Wikipedia (a freely editable online encyclopaedia) is a good example of tapping into the wisdom of crowds. Individuals across the world collectively edit articles to produce content that is by and large of very high quality. There is, of course, the stray incident involving a writer editing an article to depict a deliberately biased point of view. However, Wikipedia does have a core team of editors who scan content for such anomalies. Thus, in effect, the people who contribute to the Wikipedia project are like a leaderless group, which is loosely monitored by a core team of editors.

An interesting thought experiment to conduct would be to evaluate whether such a model can be extended to other kinds of organisations. How could one structure an organisation to tap into the wisdom of crowds? Needless to say, leaderless groups are not suitable for certain kinds of organisations — for instance, a manufacturing organisation would clearly need a highly supervised environment. However, for organisations whose main output is knowledge (software, media) a leaderless approach does seem to be an interesting alternative. Open source software movements clearly show that people don't have any hassles creating intellectual property free of cost — with little or no supervision — if they believe in the larger cause.

Purely from a human psychology perspective, a group with a `leader' necessarily means that one individual becomes bigger than both the cause as well as the other individuals in the group. While this is good in a political cause (like apartheid) where it is important to truly inspire people, it may not be particularly useful in a more everyday cause, like a company that makes a product or service. In the latter, having overarching leaders can lead to harmful political behaviour and other efficiency-dissipating activities that can lead to drop in motivation levels. On the other hand, people are happiest when they work for causes (not people) much larger than their individual selves. In fact, offering work as a service to the Lord, without worrying about one's ego or the end result, finds support in the Bhagvad Gita too. Maybe, it's time organisations experimented more with leaderless set-ups (perhaps within individual divisions if not entirely). History certainly shows that it can work well in a number of contexts.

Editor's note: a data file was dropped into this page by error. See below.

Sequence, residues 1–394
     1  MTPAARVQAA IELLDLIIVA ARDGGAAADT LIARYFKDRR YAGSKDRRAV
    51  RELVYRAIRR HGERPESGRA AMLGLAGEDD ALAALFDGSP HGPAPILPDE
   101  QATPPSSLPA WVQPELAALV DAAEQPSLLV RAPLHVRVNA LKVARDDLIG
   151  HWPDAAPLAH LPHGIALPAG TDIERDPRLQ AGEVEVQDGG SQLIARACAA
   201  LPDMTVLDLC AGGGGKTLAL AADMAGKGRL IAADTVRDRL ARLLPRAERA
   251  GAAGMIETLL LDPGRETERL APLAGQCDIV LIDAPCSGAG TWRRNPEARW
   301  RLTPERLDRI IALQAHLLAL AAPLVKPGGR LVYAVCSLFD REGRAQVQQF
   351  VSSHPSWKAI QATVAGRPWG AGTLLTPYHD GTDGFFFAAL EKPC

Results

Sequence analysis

(The writer, an alumnus of XLRI, works with a multinational financial services company.)

Previously published articles of mine:

Google's Adsense Income - Is there a conspiracy?

Google Adsense follows a policy of making payouts only when a user's earnings reach $100. Now, assume that Adsense (like everything else) follows a 80-20 rule i.e 20% of users make 80% of the revenue.

In other words, 80% of Adsense users would be making close to nothing. Assume that the average earnings of these users is about $50. Assume that Adsense has 10 million users.

Adsense users = 10 Million
80% of that = 8 Million
Average earnings of these 8 Million = $50
Total unpaid earnings = $400 Million (!!!)

Lets do some conservative math now
Adsense has 5 million users : $200 Million in unpaid revenues
Adsense has 1 million users: $40 Million unpaid
Adsense has only 500000 users: $20 Million unpaid
These are still large enough numbers to make us want to question what is going on.